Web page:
Textile-dyeing is the world's most-polluting industries among all. Fashion industry is responsible for up to one-fifth of water pollution which leads weak regulation and enforcement in producer countries like Bangladesh.
China and other Asian countries releases trillions liters of chemically tainted wastewater. Bangladesh is the world's second biggest garment manufacturing hub after China where wastewater is commonly dumped directly into rivers and streams.
Helen Regan, a writer of CNN wrote a report describing how fashion hunger is killing the rivers in Bangladesh and elsewhere.
Bangladesh's Ministry of Environment, Forest and Climate Change said it was "striving towards minimizing the negative effect on environment from the largest export generating sectors including ready-made garments and textiles," reported CNN.
Minister Shahab Uddin said in a statement e-mailed to CNN that a range of measures were being taken to decrease the pollution, including updating environmental laws, imposing fines on polluters, monitoring water quality, setting up centralized treatment plants, and working with international development partners to improve wastewater treatment.
Cost of color
According to the Ellen MacArthur Foundation, the fashion industry uses around 93 billion cubic meters (21 trillion gallons) of water annually, enough to fill 37 million Olympic swimming pools.
Producing a single pair of jeans consumes around 7,500 liters (2,000 gallons) of water, from growing raw cotton to finished product, according to the United Nations.
To ensure the blue color, the thread or fabric is repeatedly dunked in huge vats of synthetic indigo dye. After dyeing, the denim is treated and washed with more chemicals to soften or texture it. Getting the faded or "worn in" look requires even more chemical bathing, which uses acids, enzymes, bleach and formaldehyde. But jeans aren't the only polluters.
Chemical-laden water is also used to irrigate crops, with one recent study finding that textile dyes were present in vegetables and fruit grown around Savar.
Once in the wastewater, dyeing chemicals are difficult to remove, said Sarah Obser, head of sustainability at PFI Hong Kong, a company that provides environmental and factory audits in Asia. "The substances don't degrade so they remain in the environment."
Workers and people living close to factories often bear the brunt of the pollution. According to Ma, fishermen living near dye houses and textile mills along the tributaries of the Qiantang River have seen their catches shrink. "They have lost their livelihoods because of it," he added.
In Bangladesh, the Savar resident who did not want to be named said he doesn't go into the water around his neighborhood anymore.
"This water causes sores on the body," he said, adding that people washing their hands or faces in the water have experienced fevers and skin irritation.
Shift in attitudes
Ma said factories and dye houses are increasingly being moved into industrial zones with centralized wastewater treatment plants, or being threatened with fines and closure if they don't comply with regulations.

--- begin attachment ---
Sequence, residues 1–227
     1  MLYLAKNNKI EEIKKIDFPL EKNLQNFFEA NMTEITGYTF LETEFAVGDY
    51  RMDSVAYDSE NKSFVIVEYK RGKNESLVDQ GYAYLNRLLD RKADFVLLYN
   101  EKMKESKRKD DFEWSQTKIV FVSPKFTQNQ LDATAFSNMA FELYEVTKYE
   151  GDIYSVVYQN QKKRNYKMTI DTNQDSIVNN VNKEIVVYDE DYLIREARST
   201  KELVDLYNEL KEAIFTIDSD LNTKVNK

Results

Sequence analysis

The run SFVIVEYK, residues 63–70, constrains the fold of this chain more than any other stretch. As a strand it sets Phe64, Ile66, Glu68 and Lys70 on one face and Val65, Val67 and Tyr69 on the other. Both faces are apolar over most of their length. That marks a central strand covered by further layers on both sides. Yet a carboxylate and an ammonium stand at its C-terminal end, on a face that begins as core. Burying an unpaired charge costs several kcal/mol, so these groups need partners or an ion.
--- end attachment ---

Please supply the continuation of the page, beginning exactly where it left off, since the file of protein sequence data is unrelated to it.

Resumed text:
A recent study found that such efforts have improved water quality in some regions but toxic and polluted water still persists in parts of the country.
There has also been a push for innovation in finding alternative chemicals and new technologies leading to the development of more environmentally-friendly dyes.
Mountain to climb
Many problems are still unchanged. For instance, China's centralized treatment plants sometimes can't cope with the volume of wastewater produced in its new industrial parks. And existing factories, saddled with costly treatment processes, often build secret discharge pipes or release their wastewater at night to avoid detection, Ma said.
CNN has reached out to China's Ministry of Ecology and Environment for comment.
It also remains incredibly hard for consumers to navigate the complex web of supply chains the fashion industry is built on, even if they try to shop ethically. And while strides towards traceability and accountability have been made, there are still many brands and manufacturers not taking sustainability seriously, according to experts. Some experts believe the drive needs to come from big brands.
Ridding the fashion industry of hazardous chemicals is likely to become even more challenging as our clothing addiction increases. Apparel consumption is set to rise by 63% to 102 million tons a year in 2030, according to a 2017 Pulse of the Fashion report.
In Bangladesh, those living along Savar's black, contaminated rivers say they still feel helpless to stop the factories from polluting. Many fear repercussions from factory owners who often hold significant influence or political sway.
Read the full article here: Asian rivers are turning black. And our colorful closets are to blame